Sunday, September 6, 2009

Conference is a Noun

I read a fair number of teacher blogs, some for inspiration, some for validation, some for shared experience, and some just for the are-you-kidding-me? factor. I think that almost all teachers want what's best for their students and work in good faith and to the best of their ability to provide that. I know that teaching can be frustrating, though, and working day after day in what you feel is a lose-lose situation will erode your dedication. The other side of that coin is arrogance-- the certainty that you know without question what your students, their parents, and the administration should do. If only they would keep their side of the bargain, all those children would be successful.

Knock on wood that I'll never be that first case, but I have to admit that the second category of teacher reminds me of my earlier self. I can almost pick out their blogs by the stridency in their voices and that certain incredulous tone to the tales of the mishaps and malapropisms that they are burdened with. When posting assignments for their students, they use the words "all" and "must" a lot, as well as bold font and all caps to emphasize the importance of certain directions, such as these I read just tonight: Reminder: ALL students must conference with me AND a peer before September 18.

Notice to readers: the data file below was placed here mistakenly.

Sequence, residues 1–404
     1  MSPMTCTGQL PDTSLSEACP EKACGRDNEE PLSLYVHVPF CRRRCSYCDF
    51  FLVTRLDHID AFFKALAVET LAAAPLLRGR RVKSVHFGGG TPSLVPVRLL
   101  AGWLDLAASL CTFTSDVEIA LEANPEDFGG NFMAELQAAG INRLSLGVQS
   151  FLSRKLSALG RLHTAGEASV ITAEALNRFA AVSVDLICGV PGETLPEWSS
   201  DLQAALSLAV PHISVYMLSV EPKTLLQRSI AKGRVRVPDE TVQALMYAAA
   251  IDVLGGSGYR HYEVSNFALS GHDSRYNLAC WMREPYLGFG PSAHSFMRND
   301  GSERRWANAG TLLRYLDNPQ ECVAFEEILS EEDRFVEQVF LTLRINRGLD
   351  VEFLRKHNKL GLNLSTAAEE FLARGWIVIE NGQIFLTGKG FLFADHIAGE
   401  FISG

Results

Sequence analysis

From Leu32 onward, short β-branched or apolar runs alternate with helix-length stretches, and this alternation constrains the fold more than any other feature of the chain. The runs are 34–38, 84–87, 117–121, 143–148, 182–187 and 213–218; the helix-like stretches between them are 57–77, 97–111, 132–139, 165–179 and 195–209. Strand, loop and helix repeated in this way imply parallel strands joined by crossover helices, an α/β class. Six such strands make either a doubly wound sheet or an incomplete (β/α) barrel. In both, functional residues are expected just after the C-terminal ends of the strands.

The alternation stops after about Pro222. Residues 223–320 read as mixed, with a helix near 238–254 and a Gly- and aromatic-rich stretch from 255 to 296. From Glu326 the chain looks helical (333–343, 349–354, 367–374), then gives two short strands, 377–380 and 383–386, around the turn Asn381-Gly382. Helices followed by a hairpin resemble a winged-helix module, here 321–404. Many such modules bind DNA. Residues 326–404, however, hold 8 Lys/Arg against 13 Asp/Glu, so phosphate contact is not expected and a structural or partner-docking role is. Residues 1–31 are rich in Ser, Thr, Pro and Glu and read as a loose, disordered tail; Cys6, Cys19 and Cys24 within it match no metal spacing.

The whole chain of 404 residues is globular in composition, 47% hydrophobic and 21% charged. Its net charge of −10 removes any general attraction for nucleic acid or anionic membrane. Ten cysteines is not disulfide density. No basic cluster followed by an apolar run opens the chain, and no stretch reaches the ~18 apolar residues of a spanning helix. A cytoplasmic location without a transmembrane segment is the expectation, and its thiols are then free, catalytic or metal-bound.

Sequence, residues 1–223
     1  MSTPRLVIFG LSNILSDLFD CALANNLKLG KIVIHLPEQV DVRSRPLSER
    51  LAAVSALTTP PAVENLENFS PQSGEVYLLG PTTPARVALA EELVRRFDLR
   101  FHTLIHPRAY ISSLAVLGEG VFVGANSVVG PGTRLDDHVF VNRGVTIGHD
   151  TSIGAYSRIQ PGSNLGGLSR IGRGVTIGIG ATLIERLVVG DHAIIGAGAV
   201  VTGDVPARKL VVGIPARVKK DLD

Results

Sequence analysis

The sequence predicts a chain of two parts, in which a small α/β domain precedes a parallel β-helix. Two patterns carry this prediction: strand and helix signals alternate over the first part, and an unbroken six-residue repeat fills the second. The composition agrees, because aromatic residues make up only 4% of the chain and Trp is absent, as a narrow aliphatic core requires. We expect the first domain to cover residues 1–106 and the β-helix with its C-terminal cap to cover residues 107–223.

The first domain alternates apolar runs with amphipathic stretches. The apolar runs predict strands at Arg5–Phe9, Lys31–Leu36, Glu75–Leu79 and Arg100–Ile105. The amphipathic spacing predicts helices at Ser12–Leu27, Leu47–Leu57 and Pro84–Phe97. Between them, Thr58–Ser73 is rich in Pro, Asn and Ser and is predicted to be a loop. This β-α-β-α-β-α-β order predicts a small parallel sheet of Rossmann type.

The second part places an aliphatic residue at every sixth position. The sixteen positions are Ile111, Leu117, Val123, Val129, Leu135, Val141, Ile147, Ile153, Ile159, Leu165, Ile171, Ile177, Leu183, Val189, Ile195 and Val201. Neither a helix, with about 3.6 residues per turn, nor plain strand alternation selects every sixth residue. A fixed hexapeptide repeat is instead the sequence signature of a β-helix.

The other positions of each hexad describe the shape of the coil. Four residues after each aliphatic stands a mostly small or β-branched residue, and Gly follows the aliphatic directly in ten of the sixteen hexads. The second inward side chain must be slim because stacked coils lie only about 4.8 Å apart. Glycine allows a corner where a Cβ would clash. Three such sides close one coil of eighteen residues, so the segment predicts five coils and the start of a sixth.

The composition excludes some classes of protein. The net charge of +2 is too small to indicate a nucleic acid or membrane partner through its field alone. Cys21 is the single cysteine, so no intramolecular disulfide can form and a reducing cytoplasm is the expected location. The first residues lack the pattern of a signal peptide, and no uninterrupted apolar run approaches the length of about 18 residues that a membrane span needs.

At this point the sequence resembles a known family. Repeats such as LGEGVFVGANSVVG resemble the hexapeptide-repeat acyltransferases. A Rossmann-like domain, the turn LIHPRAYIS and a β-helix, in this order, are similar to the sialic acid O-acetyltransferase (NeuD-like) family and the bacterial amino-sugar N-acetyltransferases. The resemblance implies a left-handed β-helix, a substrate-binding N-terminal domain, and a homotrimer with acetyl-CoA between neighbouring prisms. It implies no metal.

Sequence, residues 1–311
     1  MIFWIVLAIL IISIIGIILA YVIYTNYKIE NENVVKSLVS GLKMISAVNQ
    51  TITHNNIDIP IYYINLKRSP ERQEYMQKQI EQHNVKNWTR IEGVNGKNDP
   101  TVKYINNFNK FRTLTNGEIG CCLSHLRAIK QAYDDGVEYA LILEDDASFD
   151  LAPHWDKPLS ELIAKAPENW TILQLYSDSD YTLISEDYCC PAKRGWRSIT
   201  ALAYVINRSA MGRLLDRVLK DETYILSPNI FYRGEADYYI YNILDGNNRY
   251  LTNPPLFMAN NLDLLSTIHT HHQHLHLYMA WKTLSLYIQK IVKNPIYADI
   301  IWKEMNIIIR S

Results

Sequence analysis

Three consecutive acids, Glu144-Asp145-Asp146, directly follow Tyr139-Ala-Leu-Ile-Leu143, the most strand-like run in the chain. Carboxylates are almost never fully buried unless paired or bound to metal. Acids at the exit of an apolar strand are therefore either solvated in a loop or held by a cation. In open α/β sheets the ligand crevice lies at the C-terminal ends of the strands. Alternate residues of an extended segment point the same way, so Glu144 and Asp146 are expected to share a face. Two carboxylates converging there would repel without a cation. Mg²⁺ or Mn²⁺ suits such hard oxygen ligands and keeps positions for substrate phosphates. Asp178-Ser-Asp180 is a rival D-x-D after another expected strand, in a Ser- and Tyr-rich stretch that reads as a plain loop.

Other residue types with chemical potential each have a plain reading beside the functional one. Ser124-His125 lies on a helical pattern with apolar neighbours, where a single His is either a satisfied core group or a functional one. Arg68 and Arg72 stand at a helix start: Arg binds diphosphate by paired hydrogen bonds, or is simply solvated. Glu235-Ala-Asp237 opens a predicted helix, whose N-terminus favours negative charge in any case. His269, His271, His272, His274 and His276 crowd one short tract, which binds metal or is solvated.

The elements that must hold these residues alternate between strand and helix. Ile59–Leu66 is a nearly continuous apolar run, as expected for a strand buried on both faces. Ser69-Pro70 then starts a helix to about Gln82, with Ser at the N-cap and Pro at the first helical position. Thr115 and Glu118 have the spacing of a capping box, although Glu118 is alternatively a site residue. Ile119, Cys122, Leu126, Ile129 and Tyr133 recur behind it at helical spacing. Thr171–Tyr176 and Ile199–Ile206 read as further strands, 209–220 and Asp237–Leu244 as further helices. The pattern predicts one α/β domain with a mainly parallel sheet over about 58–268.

Such assertive confidence can propel an inexperienced teacher through the first few years, perhaps with great success, but it usually lacks empathy, which is what my experience has taught me to be the most productive approach to students, parents and colleagues. Empathy doesn't remove all the frustrating episodes of teaching, but it helps to alleviate the frustration. Not to mention that if we stand in judgment of others, we must be prepared for others to judge us just as harshly.

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